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brittney cooper world star-hip hop black female exploitation huffington post live

When a Black female college professor argued that World Star Hip Hop is cultivating a digital culture of violence that exploits Black women for profit during a Huff Post Live Google+ discussion moderated my Marc Lamont Hill, the Black male panelists rebuffed her thesis as nonsense.

It was a disturbing exchange that revealed how some Black men cannot comprehend that respect for Black female bodies and the discussion of racism go hand-and-hand.

During the 30-minute online panel discussion “Do ‘Hood Sites’ Normalize Black Stereotypes,” Professor Brittney Cooper of Rutgers University, Professor Shayne Lee of the University of Houston, television personality Amanda Seales, Chicago rapper Rhymefest, and filmmaker Mandon Lovett discussed whether World Star Hip Hop was irresponsibly profiting from Black-on-Black violence.

The conversation became tense when Prof. Cooper said that WSHH is cultivating a dangerous Black female pathology by publishing videos of Black girls fighting each other, all while the “CNN of the Ghetto” profits from the millions of views the clips generate.

“What we’re seeing is real expressions of Black girl pain and Black girl anger,” Cooper said. “I think it is becoming spectacular because we don’t have any healthy outlooks to talk about what it means for Black girls to be part of the bulling conversation, what it means for Black girls to be angry about negotiating friendships where they feel there is some kind of betrayal, which seems to be the subtext of the Sharkeisha video. But what we do have is a moment where Black women’s and Black girl’s pain makes folks multi-millions of dollars in reality television and now also on World Star Hip Hop.”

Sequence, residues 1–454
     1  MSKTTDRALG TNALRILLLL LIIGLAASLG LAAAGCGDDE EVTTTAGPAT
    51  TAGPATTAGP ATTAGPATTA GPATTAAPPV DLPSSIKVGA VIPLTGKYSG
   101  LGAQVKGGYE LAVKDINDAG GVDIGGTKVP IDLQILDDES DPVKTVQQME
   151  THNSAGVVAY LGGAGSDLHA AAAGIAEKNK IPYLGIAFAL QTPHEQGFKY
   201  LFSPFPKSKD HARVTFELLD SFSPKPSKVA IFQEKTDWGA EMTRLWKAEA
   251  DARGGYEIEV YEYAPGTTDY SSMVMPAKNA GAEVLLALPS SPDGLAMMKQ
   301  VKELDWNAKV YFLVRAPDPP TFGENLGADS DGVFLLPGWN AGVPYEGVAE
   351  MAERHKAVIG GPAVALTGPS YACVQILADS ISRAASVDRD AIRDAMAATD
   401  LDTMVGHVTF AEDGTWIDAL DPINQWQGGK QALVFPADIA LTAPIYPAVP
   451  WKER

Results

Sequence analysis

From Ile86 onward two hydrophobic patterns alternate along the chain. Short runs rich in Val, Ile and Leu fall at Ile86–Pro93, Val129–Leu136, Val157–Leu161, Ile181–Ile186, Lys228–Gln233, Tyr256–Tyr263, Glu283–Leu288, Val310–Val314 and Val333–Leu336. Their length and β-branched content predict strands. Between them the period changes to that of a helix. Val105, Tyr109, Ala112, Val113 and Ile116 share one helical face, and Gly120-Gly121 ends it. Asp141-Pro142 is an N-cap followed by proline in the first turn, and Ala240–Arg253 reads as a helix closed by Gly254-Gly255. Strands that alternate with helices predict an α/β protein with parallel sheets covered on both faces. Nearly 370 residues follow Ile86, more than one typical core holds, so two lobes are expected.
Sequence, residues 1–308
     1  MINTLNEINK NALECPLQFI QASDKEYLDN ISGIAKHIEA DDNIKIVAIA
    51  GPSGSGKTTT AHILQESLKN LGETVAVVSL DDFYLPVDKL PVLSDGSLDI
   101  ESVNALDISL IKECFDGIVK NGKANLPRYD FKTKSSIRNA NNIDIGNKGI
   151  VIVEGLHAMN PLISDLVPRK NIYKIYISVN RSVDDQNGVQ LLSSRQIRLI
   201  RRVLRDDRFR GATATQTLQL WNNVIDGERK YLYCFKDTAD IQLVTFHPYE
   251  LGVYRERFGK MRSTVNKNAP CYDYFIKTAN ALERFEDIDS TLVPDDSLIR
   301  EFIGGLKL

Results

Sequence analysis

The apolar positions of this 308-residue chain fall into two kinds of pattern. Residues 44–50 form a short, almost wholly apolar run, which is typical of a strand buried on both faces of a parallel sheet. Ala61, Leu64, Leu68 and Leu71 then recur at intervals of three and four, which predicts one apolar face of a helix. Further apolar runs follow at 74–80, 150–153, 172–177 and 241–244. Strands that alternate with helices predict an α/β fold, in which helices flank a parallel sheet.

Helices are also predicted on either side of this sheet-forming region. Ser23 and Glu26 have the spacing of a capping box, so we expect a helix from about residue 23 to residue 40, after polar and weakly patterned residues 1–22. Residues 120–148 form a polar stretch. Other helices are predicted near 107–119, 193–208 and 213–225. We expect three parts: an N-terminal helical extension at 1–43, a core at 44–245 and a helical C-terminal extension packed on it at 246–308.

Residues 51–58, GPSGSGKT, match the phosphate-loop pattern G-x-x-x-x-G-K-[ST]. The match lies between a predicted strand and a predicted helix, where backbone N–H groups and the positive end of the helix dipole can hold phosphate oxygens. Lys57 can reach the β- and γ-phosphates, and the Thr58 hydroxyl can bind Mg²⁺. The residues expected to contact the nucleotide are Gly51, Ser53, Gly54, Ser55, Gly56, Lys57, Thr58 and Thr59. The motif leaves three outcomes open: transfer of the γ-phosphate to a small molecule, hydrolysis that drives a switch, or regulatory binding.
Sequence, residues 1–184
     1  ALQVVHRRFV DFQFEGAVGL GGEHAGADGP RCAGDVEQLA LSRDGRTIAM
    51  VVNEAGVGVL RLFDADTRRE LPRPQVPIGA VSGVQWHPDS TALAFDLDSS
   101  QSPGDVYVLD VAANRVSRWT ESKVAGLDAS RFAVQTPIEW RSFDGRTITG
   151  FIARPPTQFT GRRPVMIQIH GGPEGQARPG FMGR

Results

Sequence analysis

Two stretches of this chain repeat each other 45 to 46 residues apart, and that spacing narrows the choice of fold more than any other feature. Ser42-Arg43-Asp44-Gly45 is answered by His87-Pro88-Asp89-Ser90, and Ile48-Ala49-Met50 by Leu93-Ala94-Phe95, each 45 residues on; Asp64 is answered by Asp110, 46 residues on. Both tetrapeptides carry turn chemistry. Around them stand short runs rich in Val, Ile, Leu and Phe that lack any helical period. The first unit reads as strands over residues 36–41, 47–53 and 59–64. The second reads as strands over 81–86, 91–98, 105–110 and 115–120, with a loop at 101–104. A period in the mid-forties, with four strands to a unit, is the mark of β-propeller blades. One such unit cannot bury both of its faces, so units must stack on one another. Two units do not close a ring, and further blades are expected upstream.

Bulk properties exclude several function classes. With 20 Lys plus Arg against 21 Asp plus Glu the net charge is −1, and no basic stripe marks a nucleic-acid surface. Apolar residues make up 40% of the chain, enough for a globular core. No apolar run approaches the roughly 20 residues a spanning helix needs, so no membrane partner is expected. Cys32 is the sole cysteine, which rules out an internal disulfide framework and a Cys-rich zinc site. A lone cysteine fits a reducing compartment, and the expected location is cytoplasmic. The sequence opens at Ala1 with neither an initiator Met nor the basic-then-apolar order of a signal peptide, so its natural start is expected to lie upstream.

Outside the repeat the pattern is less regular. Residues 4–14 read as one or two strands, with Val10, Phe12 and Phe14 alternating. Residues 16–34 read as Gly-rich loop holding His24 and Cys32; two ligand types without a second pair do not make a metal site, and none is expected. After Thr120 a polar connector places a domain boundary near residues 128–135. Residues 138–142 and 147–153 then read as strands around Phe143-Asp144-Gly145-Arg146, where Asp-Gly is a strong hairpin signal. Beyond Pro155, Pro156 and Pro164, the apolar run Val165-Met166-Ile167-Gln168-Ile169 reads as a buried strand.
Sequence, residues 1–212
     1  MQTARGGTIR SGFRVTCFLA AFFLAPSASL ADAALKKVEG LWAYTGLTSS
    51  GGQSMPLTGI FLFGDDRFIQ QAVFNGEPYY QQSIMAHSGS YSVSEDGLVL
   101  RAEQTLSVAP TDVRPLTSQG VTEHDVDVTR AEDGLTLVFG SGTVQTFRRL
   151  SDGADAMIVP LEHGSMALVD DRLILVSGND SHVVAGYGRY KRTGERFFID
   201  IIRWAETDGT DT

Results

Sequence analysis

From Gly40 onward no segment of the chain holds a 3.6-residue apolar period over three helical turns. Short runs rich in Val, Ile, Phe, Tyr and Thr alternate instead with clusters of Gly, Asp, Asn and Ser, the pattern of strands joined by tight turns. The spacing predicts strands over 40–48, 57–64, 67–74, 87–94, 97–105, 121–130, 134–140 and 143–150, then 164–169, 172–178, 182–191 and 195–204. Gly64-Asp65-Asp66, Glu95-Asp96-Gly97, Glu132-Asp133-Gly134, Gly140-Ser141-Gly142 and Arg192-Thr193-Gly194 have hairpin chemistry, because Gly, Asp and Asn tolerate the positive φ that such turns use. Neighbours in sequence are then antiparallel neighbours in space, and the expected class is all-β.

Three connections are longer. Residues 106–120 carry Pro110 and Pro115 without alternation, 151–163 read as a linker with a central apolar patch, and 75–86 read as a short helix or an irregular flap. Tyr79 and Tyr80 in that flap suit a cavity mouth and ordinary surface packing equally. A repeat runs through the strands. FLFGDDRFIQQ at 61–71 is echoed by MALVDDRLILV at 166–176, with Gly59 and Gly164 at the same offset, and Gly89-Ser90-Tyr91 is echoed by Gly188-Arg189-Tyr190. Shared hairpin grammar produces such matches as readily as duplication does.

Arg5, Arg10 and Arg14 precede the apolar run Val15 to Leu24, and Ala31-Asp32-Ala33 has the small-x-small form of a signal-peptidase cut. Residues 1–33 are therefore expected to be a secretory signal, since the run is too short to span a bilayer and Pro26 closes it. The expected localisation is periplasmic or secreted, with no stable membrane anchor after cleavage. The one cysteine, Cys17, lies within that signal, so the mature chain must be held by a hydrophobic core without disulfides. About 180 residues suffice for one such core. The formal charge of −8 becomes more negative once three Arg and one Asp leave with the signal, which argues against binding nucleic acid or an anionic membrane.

Watch the exchange here:

It was a very legitimate argument to debate, but Prof. Lee chose to be chide his co-panelist instead.

“You’re logic is skewed,” he said repeatedly as Cooper tried to take. Even when Seales opened up about the online gender abuse she has experienced online, it evoked no empathy from Lee or Rhymefest. In fact, Lee became condescending and sexist.

“The website has White women, Black woman, Black men,” he said. “I don’t understand this kind of maternalistic approach that when something harms Black women, we have to worry. I mean, “Saturday Night Live” lampoons Stephen A. Smith … How do you avoid that?”

And Rhymefest, while not as condescending in his tone, was not much better.

“We’re not here talking about YouTube,” he said. “We’re not here talking about Vimeo. We’re not sitting here talking about all of these sites that do the same thing that World Star does. I think, as Shayne said, everybody gets it. I don’t understand the argument that we go crazy over racism. Yeah, we do, but we also go crazy over sexism. I can think of videos right now where large communities of Black people defended Black women who were attackrf over the Internet as well.”

Unfortunately, neither of these Brothas got the point.

What Cooper did a very effective job of articulating is that sites such as World Star Hip Hop are digital incubators of Black female misogyny that are being operated by Black men who profit handsomely from its existence. It is a legitimize conversation to have when discussing Black stereotypes can the machinery that produces them–even if you do not agree that it is true. However, Lee nor Rhymefest could think beyond their male privilege to realize it.

And while both are correct in pointing out that the site features different races of men and women, violence between Black girls seems to gain the most viral traction. That neither of the male panelist was willing to even have a healthy discussion over the aforementioned observation is a glaring example of how Black (male dominated) racial politics can dismiss the voices of Black women.

Or, in the case of Lee and Rhymefest, ignore them altogether.

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